When the landmark federal education law known as No Child Left Behind was first signed into law in 2001, opponents predicted that the high standards mandated by the law would eventually lead to all public schools being classified as "failing."
But five years later, preliminary results from Oregon schools suggest that those dire forecasts might have been premature. According to data released by the Oregon Department of Education, students at 811 Oregon schools made enough progress last year to hit the targets set out by the federal law, an increase of more than 100 schools from 2005.
That's still just 66 percent of the state's public schools, but state education officials are nonetheless heartened by this year's results, which showed slight improvements even in areas that traditionally underperform, such as high schools.
No Child Left Behind requires schools to bring increasing percentages of students up to grade level on reading and math tests. In Oregon this year, it's 50 percent of students in reading and 49 percent in math. That will jump to 60 percent for the 2007-2008 school year, potentially increasing the number of schools that miss testing goals. By 2014, 100 percent of students must be at or above grade level.
Federally funded schools that repeatedly fail to meet testing goals, as well as required attendance or graduation levels, face sanctions starting with paying for after-school tutoring and escalating to a top-to-bottom reorganization.
Schools can be placed on the "needing improvement" list if a single subgroup of students — such as the poor, the learning disabled or students still learning to speak English — missed the testing goals.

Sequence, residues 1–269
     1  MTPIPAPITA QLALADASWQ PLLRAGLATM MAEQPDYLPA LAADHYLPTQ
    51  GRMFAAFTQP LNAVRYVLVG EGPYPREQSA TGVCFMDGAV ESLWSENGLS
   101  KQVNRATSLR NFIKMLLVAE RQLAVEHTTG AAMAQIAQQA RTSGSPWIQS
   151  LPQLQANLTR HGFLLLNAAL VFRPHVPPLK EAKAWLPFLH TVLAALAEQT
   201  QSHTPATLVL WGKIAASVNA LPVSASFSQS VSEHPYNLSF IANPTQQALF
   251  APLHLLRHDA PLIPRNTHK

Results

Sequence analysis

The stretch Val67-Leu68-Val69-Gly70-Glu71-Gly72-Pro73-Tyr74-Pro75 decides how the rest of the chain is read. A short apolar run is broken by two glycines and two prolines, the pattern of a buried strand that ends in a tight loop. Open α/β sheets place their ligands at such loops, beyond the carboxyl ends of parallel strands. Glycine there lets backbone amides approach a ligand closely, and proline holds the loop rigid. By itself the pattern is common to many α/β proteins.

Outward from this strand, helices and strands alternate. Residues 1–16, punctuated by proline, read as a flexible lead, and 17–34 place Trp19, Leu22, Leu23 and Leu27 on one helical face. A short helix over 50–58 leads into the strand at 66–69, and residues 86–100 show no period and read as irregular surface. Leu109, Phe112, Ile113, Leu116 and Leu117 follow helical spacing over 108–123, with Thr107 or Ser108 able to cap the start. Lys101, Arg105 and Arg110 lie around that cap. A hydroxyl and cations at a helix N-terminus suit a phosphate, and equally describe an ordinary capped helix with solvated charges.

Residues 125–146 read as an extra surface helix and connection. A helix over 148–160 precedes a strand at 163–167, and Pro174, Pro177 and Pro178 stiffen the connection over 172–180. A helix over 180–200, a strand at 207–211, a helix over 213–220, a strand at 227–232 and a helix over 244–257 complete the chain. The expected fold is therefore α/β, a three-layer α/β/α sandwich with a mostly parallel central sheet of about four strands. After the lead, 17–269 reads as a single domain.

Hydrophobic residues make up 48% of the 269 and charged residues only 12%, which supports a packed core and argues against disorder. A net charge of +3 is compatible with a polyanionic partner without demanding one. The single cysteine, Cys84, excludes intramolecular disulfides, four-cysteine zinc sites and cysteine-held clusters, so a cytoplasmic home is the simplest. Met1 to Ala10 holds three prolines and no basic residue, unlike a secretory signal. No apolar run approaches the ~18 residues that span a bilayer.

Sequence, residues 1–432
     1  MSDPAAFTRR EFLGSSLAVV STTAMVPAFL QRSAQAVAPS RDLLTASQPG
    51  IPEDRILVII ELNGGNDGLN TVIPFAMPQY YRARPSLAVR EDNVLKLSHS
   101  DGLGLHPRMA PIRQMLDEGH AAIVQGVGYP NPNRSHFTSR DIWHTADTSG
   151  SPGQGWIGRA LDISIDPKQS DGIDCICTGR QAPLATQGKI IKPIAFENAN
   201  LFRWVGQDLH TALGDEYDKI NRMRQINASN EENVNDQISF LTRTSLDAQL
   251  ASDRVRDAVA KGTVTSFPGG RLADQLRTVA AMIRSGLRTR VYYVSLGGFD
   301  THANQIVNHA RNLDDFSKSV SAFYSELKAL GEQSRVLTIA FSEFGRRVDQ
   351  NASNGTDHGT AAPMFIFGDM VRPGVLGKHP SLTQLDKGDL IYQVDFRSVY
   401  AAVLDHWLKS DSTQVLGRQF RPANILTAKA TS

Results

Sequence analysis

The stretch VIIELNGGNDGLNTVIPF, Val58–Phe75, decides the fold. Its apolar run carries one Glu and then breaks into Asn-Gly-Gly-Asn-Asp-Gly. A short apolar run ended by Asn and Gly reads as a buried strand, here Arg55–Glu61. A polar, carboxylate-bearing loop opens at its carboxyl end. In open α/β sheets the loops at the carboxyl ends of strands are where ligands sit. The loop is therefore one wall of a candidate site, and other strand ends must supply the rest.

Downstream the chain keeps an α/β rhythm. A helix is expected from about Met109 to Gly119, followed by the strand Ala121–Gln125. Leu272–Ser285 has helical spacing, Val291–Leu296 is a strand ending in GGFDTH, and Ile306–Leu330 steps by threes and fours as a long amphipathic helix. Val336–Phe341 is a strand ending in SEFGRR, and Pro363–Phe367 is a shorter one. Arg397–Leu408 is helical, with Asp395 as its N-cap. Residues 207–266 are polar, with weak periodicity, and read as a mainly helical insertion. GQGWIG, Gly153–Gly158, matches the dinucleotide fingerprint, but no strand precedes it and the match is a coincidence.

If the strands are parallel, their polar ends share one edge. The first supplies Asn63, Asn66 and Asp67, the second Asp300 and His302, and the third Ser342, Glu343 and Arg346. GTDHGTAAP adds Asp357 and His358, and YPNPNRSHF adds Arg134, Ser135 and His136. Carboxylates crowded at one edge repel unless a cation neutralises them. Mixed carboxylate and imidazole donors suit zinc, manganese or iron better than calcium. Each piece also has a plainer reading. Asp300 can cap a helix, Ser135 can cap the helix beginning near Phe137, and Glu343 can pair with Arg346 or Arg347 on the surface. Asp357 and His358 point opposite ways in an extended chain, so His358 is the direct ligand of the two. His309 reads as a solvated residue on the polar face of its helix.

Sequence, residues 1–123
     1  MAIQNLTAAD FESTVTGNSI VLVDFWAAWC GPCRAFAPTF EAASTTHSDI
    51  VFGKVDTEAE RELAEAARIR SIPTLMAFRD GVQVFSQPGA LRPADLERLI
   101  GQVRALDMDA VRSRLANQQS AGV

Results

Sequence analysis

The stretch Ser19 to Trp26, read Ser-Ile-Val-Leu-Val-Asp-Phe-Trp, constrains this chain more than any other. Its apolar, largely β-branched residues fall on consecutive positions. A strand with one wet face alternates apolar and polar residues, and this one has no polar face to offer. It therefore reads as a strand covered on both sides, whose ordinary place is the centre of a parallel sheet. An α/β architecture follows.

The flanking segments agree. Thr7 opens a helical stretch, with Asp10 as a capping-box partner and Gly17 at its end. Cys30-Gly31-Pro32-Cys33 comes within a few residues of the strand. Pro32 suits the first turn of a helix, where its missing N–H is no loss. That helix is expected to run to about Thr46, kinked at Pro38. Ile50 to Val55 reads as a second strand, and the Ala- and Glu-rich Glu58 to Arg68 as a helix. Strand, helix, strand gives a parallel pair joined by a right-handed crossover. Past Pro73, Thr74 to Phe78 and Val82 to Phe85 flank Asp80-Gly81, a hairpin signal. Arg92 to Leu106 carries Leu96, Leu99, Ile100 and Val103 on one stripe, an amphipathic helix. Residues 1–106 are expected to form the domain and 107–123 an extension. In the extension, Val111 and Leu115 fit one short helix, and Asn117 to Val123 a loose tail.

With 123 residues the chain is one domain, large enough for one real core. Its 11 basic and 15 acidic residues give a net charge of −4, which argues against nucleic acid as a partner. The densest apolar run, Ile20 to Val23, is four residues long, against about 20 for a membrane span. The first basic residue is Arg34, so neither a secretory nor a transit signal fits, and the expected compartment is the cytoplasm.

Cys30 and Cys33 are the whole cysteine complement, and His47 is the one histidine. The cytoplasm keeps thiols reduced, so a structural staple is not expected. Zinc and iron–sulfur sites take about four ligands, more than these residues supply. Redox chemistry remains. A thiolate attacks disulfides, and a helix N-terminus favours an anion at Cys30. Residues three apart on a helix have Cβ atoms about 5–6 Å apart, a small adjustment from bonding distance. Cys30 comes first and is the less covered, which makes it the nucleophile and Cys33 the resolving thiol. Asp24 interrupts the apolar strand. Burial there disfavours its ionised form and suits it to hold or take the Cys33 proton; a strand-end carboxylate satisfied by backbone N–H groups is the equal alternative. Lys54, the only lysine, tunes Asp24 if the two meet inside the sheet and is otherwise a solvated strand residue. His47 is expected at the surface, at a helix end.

For most schools, being placed on the "needs improvement" list is no more than an embarrassing headline. Only schools that receive Title I federal funding, which is targeted for high-poverty schools, face the consequences of the law. Forty-seven such schools in Oregon didn't meet testing goals in the same subject for the second straight year — up from 44 in 2005. The bulk of them are in Portland, Salem and Woodburn.
But state education officials also point to Title I schools as some of the biggest success stories: 55 percent of high schools that get Title I funding met testing goals in 2006, for example, compared with 23 percent of non-Title I high schools, for example.
Gene Evans, a spokesperson for the Oregon Department of Education, said Title I schools may do better because they get extra funding to help address students' weak spots. Those schools also have an added nudge, he said, because they know that consequences are hanging over them.
— The Associated Press